"Subjects were randomized to placebo, once-daily phentermine 7.5 mg plus topiramate 46.0 mg, or once-daily phentermine 15.0 mg plus topiramate 92.0 mg in a 2:1:2 ratio in 93 centers in the USA. The combination of phentermine and topiramate, with office-based lifestyle interventions, was associated with a significant decrease in A1c (−0.4%) compared with the control group (−0.1%).172 These benefits were sustained in the double-blind 52-week extension study, where the annualized incidence rates for progression to T2DM among subjects without diabetes at baseline were 3.7%, 1.7%, and 0.9% in the placebo, 7.5/46 mg, and 15/92 mg treatment groups, respectively. "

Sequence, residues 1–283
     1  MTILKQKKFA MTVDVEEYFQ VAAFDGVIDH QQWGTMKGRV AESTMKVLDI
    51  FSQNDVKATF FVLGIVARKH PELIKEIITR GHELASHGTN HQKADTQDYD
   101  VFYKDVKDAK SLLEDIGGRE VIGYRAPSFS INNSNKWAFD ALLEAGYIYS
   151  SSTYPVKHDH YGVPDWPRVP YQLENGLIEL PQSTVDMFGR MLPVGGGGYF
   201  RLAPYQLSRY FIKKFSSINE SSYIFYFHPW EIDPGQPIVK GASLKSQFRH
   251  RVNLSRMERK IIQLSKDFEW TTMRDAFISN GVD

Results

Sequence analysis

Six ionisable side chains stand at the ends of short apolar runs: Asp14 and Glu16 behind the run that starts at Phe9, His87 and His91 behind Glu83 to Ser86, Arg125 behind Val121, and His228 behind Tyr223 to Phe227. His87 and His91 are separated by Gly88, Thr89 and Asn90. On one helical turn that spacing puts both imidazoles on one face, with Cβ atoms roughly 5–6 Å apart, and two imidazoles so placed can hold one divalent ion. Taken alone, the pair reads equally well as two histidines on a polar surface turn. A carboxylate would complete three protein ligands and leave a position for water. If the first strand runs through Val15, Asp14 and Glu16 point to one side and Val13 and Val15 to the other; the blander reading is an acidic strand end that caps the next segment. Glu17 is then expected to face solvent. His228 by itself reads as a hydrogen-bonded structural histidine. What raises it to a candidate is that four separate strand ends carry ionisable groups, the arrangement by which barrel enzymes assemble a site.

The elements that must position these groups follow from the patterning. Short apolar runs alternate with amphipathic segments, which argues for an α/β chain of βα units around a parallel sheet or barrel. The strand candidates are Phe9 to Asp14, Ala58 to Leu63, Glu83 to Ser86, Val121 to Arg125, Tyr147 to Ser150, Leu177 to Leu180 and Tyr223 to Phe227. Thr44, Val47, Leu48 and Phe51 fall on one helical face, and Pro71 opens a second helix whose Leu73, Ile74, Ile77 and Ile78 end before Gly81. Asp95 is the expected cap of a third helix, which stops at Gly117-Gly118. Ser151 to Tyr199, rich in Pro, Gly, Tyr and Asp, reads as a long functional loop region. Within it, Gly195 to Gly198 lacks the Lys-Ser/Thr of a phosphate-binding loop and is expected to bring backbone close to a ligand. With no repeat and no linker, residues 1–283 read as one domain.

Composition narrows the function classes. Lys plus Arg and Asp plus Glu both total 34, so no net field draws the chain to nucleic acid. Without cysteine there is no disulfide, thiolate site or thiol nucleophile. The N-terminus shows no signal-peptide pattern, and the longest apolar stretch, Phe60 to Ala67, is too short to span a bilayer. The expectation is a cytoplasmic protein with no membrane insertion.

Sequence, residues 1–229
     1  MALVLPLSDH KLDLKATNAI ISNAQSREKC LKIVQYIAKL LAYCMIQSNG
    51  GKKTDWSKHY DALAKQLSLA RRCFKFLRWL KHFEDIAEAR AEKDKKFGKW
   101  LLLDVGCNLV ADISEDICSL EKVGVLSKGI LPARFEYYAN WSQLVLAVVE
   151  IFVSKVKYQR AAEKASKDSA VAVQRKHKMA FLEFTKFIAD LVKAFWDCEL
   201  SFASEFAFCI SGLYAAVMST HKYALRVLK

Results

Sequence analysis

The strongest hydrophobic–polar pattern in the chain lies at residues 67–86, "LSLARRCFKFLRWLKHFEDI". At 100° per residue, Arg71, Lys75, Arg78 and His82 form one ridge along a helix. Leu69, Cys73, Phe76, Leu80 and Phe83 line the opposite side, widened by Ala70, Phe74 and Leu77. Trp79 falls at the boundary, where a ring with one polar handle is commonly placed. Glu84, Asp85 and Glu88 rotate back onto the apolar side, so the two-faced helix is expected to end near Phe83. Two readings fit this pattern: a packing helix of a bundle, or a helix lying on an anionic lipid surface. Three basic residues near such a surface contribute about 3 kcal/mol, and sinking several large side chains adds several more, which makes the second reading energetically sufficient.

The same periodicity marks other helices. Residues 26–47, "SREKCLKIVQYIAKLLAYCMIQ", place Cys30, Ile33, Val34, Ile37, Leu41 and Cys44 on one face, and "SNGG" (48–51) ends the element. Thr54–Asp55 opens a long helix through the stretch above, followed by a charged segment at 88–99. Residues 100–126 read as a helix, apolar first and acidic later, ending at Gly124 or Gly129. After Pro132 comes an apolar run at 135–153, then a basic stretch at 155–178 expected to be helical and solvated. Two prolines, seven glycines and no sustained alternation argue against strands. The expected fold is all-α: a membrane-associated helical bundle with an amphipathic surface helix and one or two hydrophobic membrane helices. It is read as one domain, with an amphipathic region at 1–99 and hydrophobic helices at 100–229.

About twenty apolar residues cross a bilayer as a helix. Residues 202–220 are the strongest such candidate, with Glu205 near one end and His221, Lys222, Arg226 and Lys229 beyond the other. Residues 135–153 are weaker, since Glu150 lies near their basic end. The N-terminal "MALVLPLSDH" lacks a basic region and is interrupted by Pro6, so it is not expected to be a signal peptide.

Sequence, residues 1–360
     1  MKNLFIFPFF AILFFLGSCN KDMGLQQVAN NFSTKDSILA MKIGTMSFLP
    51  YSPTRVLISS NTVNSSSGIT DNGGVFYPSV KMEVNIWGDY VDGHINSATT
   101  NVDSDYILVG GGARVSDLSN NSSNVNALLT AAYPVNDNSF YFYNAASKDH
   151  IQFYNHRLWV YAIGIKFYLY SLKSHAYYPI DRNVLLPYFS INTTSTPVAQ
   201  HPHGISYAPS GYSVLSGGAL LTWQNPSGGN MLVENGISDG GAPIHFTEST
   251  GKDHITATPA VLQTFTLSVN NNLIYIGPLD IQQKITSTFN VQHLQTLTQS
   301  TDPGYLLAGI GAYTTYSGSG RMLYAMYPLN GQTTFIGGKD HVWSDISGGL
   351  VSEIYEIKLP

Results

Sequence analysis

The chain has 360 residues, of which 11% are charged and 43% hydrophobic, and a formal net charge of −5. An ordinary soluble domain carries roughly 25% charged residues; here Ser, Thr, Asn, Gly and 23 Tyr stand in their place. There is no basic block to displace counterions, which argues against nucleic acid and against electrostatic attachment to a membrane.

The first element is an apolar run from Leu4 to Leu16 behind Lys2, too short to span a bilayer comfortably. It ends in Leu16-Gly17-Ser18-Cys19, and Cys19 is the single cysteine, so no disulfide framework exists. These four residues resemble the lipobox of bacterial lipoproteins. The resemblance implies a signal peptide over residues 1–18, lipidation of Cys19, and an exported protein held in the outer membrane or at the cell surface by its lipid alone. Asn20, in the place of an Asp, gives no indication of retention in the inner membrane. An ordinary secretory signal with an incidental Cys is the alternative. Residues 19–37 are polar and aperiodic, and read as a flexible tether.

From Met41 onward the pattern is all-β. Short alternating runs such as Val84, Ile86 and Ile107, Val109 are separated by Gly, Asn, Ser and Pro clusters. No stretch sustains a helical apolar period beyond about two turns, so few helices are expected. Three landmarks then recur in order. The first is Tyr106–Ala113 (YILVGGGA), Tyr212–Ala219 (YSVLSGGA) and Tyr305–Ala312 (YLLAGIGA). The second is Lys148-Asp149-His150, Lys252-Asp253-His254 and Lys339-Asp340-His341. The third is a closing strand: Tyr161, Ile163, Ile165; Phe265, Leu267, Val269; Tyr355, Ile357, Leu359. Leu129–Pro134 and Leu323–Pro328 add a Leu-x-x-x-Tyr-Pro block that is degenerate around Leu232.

[Show abstract][Hide abstract] ABSTRACT: Clinical trials have demonstrated that it is possible to prevent diabetes through lifestyle modification, pharmacological intervention, and surgery. This review aims to summarize the effectiveness of these various therapeutic interventions in reducing the risk of progression of prediabetes to diabetes, and address the challenges to implement a diabetes prevention program at a community level. Strategies focusing on intensive lifestyle changes are not only efficient but cost-effective and/or cost-saving. Indeed, lifestyle intervention in people at high risk for type 2 diabetes mellitus (T2DM) has been successful in achieving sustained behavioral changes and a reduction in diabetes incidence even after the counseling is stopped. Although prediabetes is associated with health and economic burdens, it has not been adequately addressed by interventions or regulatory agencies in terms of prevention or disease management. Lifestyle intervention strategies to prevent T2DM should be distinct for different populations around the globe and should emphasize sex, age, ethnicity, and cultural and geographical considerations to be feasible and to promote better compliance. The translation of diabetes prevention research at a population level, especially finding the most effective methods of preventing T2DM in various societies and cultural settings remains challenging, but must be accomplished to stop this worldwide epidemic.